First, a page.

Because if they don't, and we both survive, I'm coming looking for the bastard. In fact I'll be *so* miffed, I might even come back as a zombie.
"Boring" and "uneventful" - that's what I'm looking for in an airliner, thanks.
Totally irresponsible, unnecessary, dangerous, immature and reprehensible. In other words brilliant! Well done that man.
Proof that their is a difference between man and machine still. We have an unexplainable streak of unpredictable risk taking, devil may care mentality still within us that is part of the reason that the species has survived so far.
He's a Pilot, he flies big impressive planes and probably has a string of beauties in every major city in the world. He probably couldn't care less how big his dick is.
That surely looked like a comment from the management :-)
Let's face it - they just got scared to death and besides got embarassed, lost face - so had to find a scapegoat and the pilot looked like an ideal one.
And that taking into account that as the senior employees of the airline they should have the most confidence in their planes and their pilots! If they don't have that confidence who else would?
David's reply is about the shape of it. Nothing wrong with a low-level flypast - feeling how the plane responds in ground effect is potentially very useful info, for example. But if you've got a bunch of other people onboard whose safety is your concern, then having your wheels down when you do it would be a good move. If you want/need to do it without the wheels down, better make sure you're the only one at risk, and make sure your airline has approved a flight with some risk to the aircraft.
There is some risk. Downbursts have taken out many planes on landing, and will continue to do so. Undercarriage probably won't save the plane if that happens, but at least it'll absorb some of the energy and maybe make the result less painful for passengers.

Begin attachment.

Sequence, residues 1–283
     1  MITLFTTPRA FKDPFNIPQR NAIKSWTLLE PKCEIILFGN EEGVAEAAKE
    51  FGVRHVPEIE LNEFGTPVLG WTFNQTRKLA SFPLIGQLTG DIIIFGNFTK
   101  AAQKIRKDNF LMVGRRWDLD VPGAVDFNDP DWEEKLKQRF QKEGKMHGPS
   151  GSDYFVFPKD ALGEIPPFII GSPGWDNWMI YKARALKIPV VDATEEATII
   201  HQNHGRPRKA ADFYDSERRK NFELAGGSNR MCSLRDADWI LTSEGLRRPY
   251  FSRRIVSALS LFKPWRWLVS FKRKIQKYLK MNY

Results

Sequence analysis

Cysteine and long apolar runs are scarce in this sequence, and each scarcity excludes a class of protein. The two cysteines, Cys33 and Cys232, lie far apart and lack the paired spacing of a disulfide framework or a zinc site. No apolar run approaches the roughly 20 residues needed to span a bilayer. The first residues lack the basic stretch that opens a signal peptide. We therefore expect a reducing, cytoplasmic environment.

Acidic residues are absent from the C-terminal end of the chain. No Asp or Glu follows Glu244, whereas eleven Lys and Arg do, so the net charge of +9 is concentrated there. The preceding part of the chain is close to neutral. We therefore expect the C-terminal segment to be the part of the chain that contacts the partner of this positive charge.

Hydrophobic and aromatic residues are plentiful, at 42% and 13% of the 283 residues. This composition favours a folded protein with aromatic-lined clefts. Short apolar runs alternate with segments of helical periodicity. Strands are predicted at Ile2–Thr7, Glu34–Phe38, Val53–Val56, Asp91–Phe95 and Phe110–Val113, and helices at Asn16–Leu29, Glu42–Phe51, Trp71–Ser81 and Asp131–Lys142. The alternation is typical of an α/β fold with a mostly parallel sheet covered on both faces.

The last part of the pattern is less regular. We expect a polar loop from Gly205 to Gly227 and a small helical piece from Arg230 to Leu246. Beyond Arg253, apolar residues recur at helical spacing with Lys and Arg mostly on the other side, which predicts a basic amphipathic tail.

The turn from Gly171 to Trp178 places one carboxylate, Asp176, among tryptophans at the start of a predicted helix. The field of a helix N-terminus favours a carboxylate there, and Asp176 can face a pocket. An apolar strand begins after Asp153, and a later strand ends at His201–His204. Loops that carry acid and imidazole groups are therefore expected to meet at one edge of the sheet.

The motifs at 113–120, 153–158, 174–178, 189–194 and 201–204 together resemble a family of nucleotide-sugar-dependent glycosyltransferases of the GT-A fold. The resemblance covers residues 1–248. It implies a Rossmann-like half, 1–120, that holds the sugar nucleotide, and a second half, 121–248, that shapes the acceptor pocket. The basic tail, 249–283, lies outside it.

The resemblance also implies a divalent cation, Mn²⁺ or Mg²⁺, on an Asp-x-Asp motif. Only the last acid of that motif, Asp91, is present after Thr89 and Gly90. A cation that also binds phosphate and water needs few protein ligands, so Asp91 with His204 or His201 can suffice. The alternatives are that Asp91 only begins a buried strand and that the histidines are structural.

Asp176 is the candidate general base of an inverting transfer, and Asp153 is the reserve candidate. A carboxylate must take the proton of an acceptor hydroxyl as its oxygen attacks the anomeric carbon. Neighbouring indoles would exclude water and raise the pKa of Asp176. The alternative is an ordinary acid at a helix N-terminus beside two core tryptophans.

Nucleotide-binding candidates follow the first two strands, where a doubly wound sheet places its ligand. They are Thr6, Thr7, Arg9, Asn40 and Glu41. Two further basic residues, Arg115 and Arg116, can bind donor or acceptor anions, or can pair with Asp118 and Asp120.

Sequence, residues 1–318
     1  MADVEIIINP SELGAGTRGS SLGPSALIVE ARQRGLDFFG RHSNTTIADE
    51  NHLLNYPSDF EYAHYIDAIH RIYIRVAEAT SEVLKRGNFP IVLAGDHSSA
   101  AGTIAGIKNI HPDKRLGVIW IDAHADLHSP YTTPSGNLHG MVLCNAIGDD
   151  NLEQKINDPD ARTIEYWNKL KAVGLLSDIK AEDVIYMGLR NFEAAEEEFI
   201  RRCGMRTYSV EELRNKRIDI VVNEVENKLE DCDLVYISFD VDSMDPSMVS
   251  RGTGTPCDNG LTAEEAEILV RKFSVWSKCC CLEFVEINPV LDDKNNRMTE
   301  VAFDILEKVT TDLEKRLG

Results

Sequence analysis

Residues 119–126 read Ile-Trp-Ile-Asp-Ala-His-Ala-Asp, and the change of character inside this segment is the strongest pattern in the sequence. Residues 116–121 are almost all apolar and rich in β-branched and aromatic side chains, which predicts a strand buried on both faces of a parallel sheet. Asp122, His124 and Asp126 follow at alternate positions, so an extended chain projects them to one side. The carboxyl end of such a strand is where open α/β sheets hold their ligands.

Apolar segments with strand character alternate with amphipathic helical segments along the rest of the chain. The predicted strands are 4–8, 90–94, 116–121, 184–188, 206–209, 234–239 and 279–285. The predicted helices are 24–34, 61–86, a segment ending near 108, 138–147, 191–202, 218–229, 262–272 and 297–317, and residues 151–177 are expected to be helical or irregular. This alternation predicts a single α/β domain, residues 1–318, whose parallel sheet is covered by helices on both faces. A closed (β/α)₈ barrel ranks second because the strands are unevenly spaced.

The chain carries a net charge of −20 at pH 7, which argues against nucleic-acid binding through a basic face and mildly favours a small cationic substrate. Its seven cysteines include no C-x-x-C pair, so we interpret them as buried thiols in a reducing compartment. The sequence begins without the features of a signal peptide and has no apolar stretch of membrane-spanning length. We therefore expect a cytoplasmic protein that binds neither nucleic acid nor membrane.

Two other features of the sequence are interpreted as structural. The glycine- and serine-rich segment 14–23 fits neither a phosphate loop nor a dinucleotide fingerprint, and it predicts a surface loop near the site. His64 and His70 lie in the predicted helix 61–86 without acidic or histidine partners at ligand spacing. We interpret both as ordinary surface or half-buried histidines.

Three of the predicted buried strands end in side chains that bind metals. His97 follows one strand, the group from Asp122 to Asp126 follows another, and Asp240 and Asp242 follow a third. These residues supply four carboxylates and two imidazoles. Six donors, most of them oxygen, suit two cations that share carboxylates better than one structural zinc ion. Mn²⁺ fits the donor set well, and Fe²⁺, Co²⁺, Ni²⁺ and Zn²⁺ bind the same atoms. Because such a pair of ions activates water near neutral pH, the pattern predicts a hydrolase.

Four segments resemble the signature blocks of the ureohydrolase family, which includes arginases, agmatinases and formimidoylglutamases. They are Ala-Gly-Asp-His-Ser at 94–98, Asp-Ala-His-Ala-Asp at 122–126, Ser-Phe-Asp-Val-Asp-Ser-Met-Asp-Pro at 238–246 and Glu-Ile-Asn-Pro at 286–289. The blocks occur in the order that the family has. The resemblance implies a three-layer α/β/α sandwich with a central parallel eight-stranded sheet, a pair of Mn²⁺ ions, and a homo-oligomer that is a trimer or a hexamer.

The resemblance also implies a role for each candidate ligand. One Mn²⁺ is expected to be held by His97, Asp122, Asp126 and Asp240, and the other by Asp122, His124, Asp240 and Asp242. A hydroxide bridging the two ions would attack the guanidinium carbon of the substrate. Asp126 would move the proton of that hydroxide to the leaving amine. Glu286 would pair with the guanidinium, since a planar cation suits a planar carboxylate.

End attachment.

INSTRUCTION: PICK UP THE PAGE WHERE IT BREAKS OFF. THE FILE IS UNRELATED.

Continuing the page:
No, it won't fall out of the sky in 1s - Chris C clearly doesn't have a clue. However if it did lose engines at that height, it's questionable whether the undercarriage would be down and locked in time to catch you.
He was in his mid-50's according to the article. He probably doesn't give a flying f@ck!
I imagine he's got plenty saved for retirement, and is only 'considering an appeal'...
Now if that was at a commercial airport he'd be in all kinds of trouble, as it was at the manufacturing facility its probably pretty safe.
I thoink it is quite obvious he had verbal permission from the Chairman, who was on board, to do this. In fact he was probably asked to do this. Cathay Pacific just got embarrased when it got onto YouTube and decided to blame him. His only mistake was to not get it in writing.
"But if you've got a bunch of other people onboard whose safety is your concern, then having your wheels down when you do it would be a good move."
I would disagree - wheels down would make any sense only in case of slow speed/maximum angle of attack flypast. If one engine would fail you will have no option but to set the aircraft down.
In other type of flybys your airplane will fly faster than safe single engine speed and if one engine fails the pilot will go around, in which case you would want your aircraft as clean as possible - so no gear down.
Energy management. Speed = height. If you fly low at just above stall speed and the engines fail then landing is your only option. If you are flying faster than that then you can climb using the energy of the speed or wait for it to bleed away (the former is drilled into all PPL students).
Anyone who has ever tried to land a low winged Piper at too high a speed can tell you that the combination of speed and ground effect leaves you floating allong the length of the runway wondering if you're ever going to land. Getting the gear down in the (highly unlikely) event of both engines failing shouldn't have been a problem.
As for management on board the aircraft, providing the captain was complying with company rules then they had no place in the chain of command. From a political point of view he might have informed them, but the safe operation of the aircraft was his sole responsibility.
"considering these planes have a tendency to shut down the engines......"
You mean, it happened once, out of thousands of flights?